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Books to Watch | February 22, 2022

February 22, 2022

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Each and every week, our marketing team—Dylan Schleicher (DJJS), Gabbi Cisneros (GMC), and Emily Porter (EPP)—highlights a few new books we are most excited about.

This week, our choices are:

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The Language Game: How Improvisation Created Language and Changed the World by Morten H. Christiansen & Nick Chater, Simon & Schuster (DJJS) 

Language is perhaps humanity’s most astonishing capacity—and one that remains poorly understood. In The Language Game, cognitive scientists Morten H. Christiansen and Nick Chater show us where generations of scientists seeking the rules of language got it wrong. Language isn’t about hardwired grammars but about near-total freedom, something like a game of charades, with the only requirement being a desire to understand and be understood. From this new vantage point, Christiansen and Chater find compelling solutions to major mysteries like the origins of languages and how language learning is possible, and to long-running debates such as whether having two words for “blue” changes what we see. In the end, they show that the only real constraint on communication is our imagination. 

 

Level Up: Rise Above the Hidden Forces Holding Your Business Back by Stacey Abrams, Lara Hodgson & Heather Cabot, Portfolio (DJJS) 

It’s never been easier to start a business—and it’s never been harder to scale it. Half of new businesses in America don’t make it past five years. Stacey Abrams and Lara Hodgson want to help today’s entrepreneurs beat the odds by revealing the unseen tethers that keep small businesses from growing and thriving.

Drawing on firsthand experience starting and scaling multiple companies over nearly two decades, Now® cofounders Abrams and Hodgson crystallize their hard-won advice into a single how-to, got-to guide for small business owners. In Level Up, they share intense behind-the-scenes stories of building their own businesses, as well as actionable, get-it-done principles for founders looking to propel their ventures forward. 

This is straight talk from the trenches on real issues like hiring, identifying a revenue strategy, recognizing when growth is a trap, and managing cash flow, from a duo that’s been there. Abrams and Hodgson also elevate and share the experiences of other successful founders including, Jules Pieri of The Grommet, Alisa Clark of Glory Professional Services, and Sheila Jordan of Knowledge Architects.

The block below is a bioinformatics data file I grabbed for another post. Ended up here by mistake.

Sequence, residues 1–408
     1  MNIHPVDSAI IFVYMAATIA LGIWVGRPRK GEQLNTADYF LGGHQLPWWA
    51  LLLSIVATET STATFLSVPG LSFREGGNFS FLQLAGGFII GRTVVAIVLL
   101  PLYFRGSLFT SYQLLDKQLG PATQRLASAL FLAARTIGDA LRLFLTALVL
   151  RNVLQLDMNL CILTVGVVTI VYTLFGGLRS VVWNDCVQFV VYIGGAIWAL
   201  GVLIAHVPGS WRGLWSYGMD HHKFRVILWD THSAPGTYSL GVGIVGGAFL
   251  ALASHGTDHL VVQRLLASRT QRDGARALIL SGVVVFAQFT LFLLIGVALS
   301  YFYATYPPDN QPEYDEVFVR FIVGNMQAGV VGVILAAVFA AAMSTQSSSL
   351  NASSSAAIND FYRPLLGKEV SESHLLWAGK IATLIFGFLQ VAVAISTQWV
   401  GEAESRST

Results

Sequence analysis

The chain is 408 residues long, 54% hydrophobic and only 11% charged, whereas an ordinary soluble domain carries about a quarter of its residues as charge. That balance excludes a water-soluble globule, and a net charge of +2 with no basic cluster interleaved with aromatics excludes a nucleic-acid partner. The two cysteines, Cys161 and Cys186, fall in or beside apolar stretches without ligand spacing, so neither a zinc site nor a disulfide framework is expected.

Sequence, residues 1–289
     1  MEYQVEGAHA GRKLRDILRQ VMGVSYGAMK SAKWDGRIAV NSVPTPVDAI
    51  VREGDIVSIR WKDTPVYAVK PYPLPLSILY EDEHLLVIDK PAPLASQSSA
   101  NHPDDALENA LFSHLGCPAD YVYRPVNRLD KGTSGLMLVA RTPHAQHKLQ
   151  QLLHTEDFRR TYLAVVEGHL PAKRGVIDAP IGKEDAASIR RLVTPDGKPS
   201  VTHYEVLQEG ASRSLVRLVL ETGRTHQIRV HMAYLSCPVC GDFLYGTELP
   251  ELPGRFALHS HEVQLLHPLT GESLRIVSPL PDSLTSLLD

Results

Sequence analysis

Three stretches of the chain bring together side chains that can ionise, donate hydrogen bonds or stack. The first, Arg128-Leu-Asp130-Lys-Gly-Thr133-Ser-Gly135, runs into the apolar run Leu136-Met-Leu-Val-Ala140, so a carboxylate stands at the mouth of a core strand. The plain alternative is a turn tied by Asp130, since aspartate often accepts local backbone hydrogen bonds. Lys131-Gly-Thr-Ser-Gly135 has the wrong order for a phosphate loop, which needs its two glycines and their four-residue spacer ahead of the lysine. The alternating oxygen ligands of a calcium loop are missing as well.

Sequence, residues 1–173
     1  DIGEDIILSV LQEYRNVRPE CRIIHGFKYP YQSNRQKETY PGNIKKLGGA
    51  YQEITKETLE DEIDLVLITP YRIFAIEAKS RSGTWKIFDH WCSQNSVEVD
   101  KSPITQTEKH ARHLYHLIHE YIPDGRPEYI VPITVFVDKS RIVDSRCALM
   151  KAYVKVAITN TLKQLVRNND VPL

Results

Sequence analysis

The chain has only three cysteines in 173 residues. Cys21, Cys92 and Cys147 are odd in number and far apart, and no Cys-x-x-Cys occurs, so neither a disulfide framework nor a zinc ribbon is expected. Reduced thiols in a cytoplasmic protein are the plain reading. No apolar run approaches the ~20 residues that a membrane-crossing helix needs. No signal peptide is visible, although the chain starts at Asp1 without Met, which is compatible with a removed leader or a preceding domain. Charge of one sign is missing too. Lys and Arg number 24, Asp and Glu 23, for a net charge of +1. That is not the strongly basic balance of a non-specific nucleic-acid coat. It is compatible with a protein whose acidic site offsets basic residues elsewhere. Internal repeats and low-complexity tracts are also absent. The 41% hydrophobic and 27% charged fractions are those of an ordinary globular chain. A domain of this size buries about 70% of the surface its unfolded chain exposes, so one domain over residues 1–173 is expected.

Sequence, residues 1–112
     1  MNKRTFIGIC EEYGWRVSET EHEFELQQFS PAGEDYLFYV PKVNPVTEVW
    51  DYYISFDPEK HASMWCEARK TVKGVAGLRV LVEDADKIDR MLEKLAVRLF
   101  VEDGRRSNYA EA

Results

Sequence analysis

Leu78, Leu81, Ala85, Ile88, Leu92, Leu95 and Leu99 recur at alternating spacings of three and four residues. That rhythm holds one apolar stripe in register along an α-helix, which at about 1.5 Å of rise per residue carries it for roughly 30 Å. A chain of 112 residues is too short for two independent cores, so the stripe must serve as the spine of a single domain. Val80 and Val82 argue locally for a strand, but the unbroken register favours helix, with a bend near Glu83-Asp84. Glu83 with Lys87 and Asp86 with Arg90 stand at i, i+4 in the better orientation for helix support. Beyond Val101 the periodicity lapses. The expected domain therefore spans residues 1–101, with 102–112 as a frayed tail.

New businesses started by entrepreneurs drive net new job growth. Yet, for the last four decades, startups have increasingly struggled to overcome a system of red tape and barriers to capital and commerce. As a new generation of founders launches a flurry of firms in the wake of the pandemic recession, Abrams and Hodgson offer key insights and support to help entrepreneurs break free and get to the next level. 

 

Sentient: How Animals Illuminate the Wonder of Our Human Senses by Jackie Higgins, Atria Books (GMC) 

There is a scientific revolution stirring in the field of human perception. Research has shown that the extraordinary sensory powers of our animal friends can help us better understand the same powers that lie dormant within us. 

From the harlequin mantis shrimp with its ability to see a vast range of colors, to the bloodhound and its hundreds of millions of scent receptors; from the orb-weaving spider whose eyes recognize not only space but time, to the cheetah whose ears are responsible for its perfect agility, these astonishing animals hold the key to better understanding how we make sense of the world around us. Eye-opening and captivating, Sentient will change the way you think about what it is to be human. 

 

What My Bones Know: A Memoir of Healing from Complex Trauma by Stephanie Foo, Balentine Books (EPP) 

By age thirty, Stephanie Foo was successful on paper: She had her dream job as an award-winning radio producer at This American Life and a loving boyfriend. But behind her office door she was having panic attacks and sobbing at her desk every morning. After years of questioning what was wrong with herself, she was diagnosed with complex PTSD—a condition that occurs when trauma happens continuously, over the course of years. 

Both of Foo’s parents abandoned her when she was a teenager after years of physical and verbal abuse and neglect. She thought she’d moved on, but her new diagnosis illuminated the way her past continued to threaten her health, relationships, and career. She found limited resources to help her, so Foo set out to heal herself, and to map her experiences onto the scarce literature about C-PTSD. 

In this deeply personal and thoroughly researched account, Foo interviews scientists and psychologists and tries a variety of innovative therapies. She returns to her hometown of San Jose, California, to investigate the effects of immigrant trauma on the community, and she uncovers family secrets in the country of her birth, Malaysia, to learn how trauma can be inherited through generations. Ultimately, she discovers that you don’t move on from trauma—but you can learn to move with it. 

Powerful, enlightening, and hopeful, What My Bones Know is a brave narrative that reckons with the hold of the past over the present, the mind over the body—and examines one woman’s ability to reclaim agency from her trauma. 

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